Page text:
Once again we had arrived at another random, seemingly origin-less decision—to go kayaking around the cities waterway. This was an excellent idea as it allowed us to leisurely observe everything that I found intriguing about Gdansk.
The first memorable observation was of the various contemporary redevelopment schemes being erected along the river. In Britain this usually means large-scale pseudomodernist banality; the most common feature being large plastic mosaics stuck on top of breezeblocks. Here the quality is a lot better—while not being particularly spectacular—serving up some fairly decent architectural units.
Further along the river we saw what the redevelopment schemes were replacing—large, brick clad industrial warehouses. One of the biggest of these derelict sites is located directly opposite the main historic waterfront, juxtaposed against the tourist-orientated facilities. Toyoto had managed to beat the graffiti artists, by commandeering a sizeable chunk of the building with a giant uncongenial advertisement.
Facing the derelict site was one of Gdansk’s most famous historic attractions—a muscular, medieval timber crane called the Zuraw. It’s a great piece of steam-punk architecture, featuring two huge wooden wheels—that I can only hope were operated by men running around like hamsters—to hoist up various maritime goods. When viewed from the river, it amusingly takes on the appearance of a small wooden rocket, as designed by Heath Robinson.
After paddling past other derelict sites, waving at tourists being floated along in a giant plastic pirate ship, we arrived at a large estuary filled with sinewy shipbuilding yards. All of sudden everything got bigger. The wind got harsher; the waves became brasher, and the ships made our already small kayaks look like Lilliputian rice granules. For someone who grew up in a bucolic, post-industrial Britain, these mammoth cranes arched over the hulls of their skeleton ships, are mesmerising—maybe even heroic, in their unabashed industriousness.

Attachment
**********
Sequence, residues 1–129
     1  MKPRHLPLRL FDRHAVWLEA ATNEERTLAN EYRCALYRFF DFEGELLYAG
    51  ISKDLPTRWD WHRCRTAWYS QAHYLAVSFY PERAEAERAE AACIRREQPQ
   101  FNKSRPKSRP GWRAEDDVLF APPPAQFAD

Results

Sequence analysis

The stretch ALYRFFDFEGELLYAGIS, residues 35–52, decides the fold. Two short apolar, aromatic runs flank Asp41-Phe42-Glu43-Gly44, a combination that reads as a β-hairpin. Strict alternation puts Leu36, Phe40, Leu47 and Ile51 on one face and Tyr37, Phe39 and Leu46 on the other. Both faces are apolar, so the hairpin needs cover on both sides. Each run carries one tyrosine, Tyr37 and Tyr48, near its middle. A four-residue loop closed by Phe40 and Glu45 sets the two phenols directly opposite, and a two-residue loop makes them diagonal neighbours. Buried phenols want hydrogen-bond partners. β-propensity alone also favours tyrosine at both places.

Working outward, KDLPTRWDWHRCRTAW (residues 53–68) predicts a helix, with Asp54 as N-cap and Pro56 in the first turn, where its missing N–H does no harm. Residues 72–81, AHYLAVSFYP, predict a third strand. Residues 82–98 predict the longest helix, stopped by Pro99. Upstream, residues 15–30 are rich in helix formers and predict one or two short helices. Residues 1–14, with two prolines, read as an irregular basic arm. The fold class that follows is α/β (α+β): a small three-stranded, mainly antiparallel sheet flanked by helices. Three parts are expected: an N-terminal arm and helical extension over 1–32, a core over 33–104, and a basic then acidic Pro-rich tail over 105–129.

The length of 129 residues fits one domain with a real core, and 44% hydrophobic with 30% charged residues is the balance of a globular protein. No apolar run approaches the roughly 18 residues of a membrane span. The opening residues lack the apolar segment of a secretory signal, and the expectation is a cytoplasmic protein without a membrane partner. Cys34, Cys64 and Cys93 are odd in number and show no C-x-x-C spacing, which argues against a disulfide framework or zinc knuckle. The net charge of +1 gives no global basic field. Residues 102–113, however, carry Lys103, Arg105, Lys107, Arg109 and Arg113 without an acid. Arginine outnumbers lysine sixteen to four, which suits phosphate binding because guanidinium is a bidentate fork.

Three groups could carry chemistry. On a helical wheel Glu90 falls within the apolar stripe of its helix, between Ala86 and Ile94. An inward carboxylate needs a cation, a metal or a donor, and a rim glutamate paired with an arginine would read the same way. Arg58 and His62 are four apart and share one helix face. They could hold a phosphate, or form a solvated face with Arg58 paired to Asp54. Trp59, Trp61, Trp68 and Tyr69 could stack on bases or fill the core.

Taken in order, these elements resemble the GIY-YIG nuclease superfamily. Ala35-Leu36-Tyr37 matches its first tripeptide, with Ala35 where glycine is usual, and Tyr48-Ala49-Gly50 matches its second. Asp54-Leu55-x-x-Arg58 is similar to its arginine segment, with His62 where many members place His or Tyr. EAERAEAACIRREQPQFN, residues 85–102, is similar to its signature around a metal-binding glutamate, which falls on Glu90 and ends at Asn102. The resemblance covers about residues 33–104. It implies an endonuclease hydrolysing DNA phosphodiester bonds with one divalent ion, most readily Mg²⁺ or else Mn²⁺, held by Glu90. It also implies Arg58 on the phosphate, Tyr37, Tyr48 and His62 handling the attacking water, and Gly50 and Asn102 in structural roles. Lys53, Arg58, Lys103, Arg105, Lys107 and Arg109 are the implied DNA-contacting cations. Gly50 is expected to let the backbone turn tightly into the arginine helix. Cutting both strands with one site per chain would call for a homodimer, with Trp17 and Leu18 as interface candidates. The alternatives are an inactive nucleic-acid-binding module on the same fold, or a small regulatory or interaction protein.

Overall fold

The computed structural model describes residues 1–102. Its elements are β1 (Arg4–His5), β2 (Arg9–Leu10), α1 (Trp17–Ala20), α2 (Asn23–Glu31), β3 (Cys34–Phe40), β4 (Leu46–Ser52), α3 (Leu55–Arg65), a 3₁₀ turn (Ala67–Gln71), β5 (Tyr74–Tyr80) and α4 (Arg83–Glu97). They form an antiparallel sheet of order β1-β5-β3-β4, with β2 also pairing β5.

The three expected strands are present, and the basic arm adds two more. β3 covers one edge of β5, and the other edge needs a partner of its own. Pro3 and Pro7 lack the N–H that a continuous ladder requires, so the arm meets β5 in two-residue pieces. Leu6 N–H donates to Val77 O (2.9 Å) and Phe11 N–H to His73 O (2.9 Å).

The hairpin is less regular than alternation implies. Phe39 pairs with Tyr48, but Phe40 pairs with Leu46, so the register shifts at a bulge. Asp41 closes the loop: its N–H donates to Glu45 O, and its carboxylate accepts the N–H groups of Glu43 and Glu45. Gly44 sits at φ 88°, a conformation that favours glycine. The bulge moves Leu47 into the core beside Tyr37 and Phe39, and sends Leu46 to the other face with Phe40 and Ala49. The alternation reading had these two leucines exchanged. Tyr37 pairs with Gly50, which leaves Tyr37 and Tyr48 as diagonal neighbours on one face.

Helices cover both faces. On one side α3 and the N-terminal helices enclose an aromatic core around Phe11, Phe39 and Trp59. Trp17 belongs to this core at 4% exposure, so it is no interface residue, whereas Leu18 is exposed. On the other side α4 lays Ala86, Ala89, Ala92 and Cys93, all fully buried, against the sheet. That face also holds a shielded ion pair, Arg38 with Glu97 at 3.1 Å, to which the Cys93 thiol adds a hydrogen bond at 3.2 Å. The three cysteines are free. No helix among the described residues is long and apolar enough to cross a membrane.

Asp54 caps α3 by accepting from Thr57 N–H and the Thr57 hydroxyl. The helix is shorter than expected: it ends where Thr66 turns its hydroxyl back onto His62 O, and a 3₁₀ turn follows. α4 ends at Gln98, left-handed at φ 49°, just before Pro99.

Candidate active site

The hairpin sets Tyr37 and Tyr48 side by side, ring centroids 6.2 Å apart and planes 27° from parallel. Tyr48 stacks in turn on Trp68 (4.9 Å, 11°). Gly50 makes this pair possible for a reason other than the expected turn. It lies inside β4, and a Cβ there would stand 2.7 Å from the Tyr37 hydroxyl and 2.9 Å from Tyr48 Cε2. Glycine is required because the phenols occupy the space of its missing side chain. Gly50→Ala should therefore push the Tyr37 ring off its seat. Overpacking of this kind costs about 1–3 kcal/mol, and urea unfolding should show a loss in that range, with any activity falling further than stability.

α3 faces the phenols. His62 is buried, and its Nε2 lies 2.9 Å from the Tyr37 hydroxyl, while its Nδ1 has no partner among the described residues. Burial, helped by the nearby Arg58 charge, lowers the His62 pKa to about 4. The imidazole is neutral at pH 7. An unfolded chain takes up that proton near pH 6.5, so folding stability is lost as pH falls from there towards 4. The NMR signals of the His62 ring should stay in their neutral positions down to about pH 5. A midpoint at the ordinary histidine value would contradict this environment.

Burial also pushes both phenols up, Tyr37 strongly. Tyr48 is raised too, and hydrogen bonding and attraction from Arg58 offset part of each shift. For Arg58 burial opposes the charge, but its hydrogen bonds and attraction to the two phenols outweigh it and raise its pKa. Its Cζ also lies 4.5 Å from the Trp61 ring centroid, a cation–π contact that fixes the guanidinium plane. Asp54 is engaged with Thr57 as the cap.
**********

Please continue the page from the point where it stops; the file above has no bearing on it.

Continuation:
Leaving behind the clanking of the shipyards, we entered a stretch of water that according to the displays in the Zuraw, forms the cities early medieval defence system. These consist of a series of watery zigzags that curve round the northern side of the city, which we then dutifully meandered around. At the base of this Lisa Simpson hairdo of a defence system, were two crumbling ball-capped cylinders hinting at the origins of this now idyllic waterway.
Before disembarking from our giant plastic seeds, we passed a couple of radiant-tower blocks peeking above the tree lines of the hinterland. Their lightly coloured facades gave the impression that they had been hewn out of giant pastels, and then approvingly stamped with large san-serif numbers.
Another memorable event was the ascent and view from spire/tower of Gdansk’s the most prominent cathedral—whose name, unfortunately, was washed away by cheap alcohol. First, you ascend through a tiny, banister-less stairway, where I had not-so-divine visions of slipping and flattening half the group, like a giant human bowling ball. Then you arrive at the second stage of the ascent, a dark vertigo-inducing piece of Piranesian architecture. At this point I was paying the price for staying too long at the Café Absinthe during the previous night, and the spiralling concrete stairs—somehow supported by the ancient brick walls—did not help my condition.
After ambling up another flight of curvaceous stairs, we arrived at the pinnacle, where I could survey nearly all the previously mentioned sites. Everything from the all-pervasive Lotos Tower, to the colossal shipyards leaning above the rows of townhouses, framed by a jumble of pastel coloured tower blocks. This was to be my lasting impression of Gdansk: a complex, rich city filled with historical vicissitudes, and unexpected beauty.
After this epithany, I spent the next 5 minutes clinging to walls of the stairwell, trying hard not to slip and flatten my friends.